Sean King and Michelle Maxwell are back, and struggling in the emotional aftermath of the events that brought them to the brink in Hour Game. Dogged by personal demons, Maxwell is agrees to treatment in a psychiatric institution, after barely surviving a violent barroom brawl. And King, to right their partnership, accepts an offer to investigate a murder in a scientific think tank named Babbage Town. Feeling cured, Michelle joins him on the case, and they penetrate this secret enclave of geniuses working to surpass the capabilities of the most sophisticated microprocessor in the world. Suddenly, the pair find themselves in a race against time to expose those who would tip the entire global power structure ... and destroy what's left of their lives.
Baldacci does a good job of keeping the plot moving along. While the ultimate cause of the conspiracies traced in the book may be a little far-fetched, Baldacci sets up the books' events in such a way that everything makes sense. His characters are a bit more in-depth and realistic than many in this genre. We learn a lot about many of the characters and their motivations, especially Michelle. Overall, a quick and enjoyable read.
David Baldacci weaves a complex story of intrigue with likable characters, to pull the reader though the intrigue of Washington back door politics, the CIA, questionable interrogation tactics, quantum computers, the history of Camp Peary; an unacknowledged CIA property, and psychological mysteries of the personal kind.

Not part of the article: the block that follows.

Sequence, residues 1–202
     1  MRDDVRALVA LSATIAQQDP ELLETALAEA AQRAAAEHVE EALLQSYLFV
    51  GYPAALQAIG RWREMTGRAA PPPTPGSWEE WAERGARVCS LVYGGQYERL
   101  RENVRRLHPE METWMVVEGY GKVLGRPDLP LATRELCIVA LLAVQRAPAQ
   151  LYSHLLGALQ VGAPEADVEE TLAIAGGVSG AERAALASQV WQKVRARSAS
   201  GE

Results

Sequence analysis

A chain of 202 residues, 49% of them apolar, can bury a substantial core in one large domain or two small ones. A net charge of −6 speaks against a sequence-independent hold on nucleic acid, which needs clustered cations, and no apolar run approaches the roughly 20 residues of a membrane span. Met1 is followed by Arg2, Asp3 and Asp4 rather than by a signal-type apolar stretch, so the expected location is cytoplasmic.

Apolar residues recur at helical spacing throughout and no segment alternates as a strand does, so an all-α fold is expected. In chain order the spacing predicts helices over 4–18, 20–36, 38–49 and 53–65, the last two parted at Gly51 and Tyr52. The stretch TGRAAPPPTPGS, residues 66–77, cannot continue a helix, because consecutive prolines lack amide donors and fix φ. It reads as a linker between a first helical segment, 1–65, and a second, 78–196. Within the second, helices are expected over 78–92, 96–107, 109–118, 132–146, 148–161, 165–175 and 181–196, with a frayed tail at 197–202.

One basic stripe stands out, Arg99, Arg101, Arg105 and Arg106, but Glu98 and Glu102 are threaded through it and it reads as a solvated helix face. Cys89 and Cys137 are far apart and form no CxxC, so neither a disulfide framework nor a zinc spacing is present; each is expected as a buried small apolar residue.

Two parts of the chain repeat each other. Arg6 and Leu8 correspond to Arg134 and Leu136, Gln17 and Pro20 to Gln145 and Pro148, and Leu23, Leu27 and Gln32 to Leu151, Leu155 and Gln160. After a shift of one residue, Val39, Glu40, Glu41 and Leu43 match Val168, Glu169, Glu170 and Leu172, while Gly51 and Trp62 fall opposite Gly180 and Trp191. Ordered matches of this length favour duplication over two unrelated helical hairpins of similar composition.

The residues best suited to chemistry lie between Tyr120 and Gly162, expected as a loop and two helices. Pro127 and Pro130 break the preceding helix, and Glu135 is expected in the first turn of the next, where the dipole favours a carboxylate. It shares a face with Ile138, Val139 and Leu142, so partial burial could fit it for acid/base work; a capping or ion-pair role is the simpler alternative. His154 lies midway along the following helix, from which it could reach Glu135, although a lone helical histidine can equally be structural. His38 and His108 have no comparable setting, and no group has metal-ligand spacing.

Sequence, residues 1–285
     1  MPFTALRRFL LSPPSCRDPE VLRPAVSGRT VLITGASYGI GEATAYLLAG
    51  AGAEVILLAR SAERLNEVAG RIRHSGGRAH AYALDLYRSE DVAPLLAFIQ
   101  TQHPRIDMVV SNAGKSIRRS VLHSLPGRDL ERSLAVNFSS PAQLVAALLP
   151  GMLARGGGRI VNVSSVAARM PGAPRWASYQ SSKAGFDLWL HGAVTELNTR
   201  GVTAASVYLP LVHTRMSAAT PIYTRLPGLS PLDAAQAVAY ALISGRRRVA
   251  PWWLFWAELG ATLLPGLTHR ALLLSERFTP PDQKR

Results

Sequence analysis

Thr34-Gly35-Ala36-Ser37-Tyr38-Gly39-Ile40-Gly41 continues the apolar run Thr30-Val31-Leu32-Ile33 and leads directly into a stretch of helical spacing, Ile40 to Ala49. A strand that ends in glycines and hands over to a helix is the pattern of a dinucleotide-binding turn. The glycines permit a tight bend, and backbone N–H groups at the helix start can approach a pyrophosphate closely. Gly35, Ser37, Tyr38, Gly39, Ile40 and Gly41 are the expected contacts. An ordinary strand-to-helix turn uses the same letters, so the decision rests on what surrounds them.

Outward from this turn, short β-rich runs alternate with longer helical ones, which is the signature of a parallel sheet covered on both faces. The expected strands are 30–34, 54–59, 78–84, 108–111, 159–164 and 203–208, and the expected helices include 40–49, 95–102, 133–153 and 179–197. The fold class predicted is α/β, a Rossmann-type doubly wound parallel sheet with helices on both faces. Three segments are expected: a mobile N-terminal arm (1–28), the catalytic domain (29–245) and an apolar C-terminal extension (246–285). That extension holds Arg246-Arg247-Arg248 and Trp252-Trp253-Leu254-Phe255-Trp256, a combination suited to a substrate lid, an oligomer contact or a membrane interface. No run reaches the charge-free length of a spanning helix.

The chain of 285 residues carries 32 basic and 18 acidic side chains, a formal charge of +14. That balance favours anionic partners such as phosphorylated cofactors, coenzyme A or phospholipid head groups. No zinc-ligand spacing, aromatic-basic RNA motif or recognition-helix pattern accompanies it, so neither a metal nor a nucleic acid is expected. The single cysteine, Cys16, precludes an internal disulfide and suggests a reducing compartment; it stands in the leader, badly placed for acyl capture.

While the book is fiction, David Baldacci uses some interesting references to real people. Charles Babbage (a name also popping up in the movies “Rain Man” and “National Treasure”) is considered the father of the programmable computer. Alan Turing was a code breaker working in Bletchley Park and a genetic predecessor of the fictional Monk Turing. David Baldacci creates Champ Pollion, director of Babbage Town from real life Jean-Francois Champollion, a French linguist who worked on deciphering Egyptian codes. The Beale Cipher is an unsolved code believed to reveal an 1800’s buried treasure. The idea for Simple Genius originated from the Beale Cipher mystery.
The book follows Sean King and Michelle Maxwell, two former secret service agents who get hired to investigate the mysterious death of a worker at a even more mysterious company. While Sean investigates the original death, the body was found on a nearby CIA training base, Michelle struggles to deal with her inner demons and tries to join up with Sean to help him.
Overall, a pretty good book for a pulp fiction mystery. I'll admit that the twist ending (and there always is a twist) took me by surprise. Not an intellectually stimulating book or one that will win any awards, but a good read none the less.
I wouldn't go out of my way to recommend this book, but it's not a terrible read. Baldacci has done much better work.
reads like run of the mill popular fiction
light summer reading
The bottom line of this novel is that it is ridiculous in so many ways. There are government conspiracies out the wazoo, each one more nonsensical that the previous one. I didn't find either of the main characters to be remotely compelling. There is a certain level of dramatic tension involved in the novel, which worked fairly well. I also liked the concept behind Babbage Town, the high tech think tank. But so much of the execution of the novel was flawed. This is one that I would recommend skipping.
Carl Alves - author of Blood Street
King and Maxwell are a dynamic, interesting pair. Not sure I'm crazy about Maxwell, but at least she's compelling. King is solid, got-your-back, dependable if not brilliant private eye. He provides a good foil for Maxwell's erratic, emotional persona.
If you're a Baldacci fan, or a thriller fan, you'll enjoy this book. Highly recommended.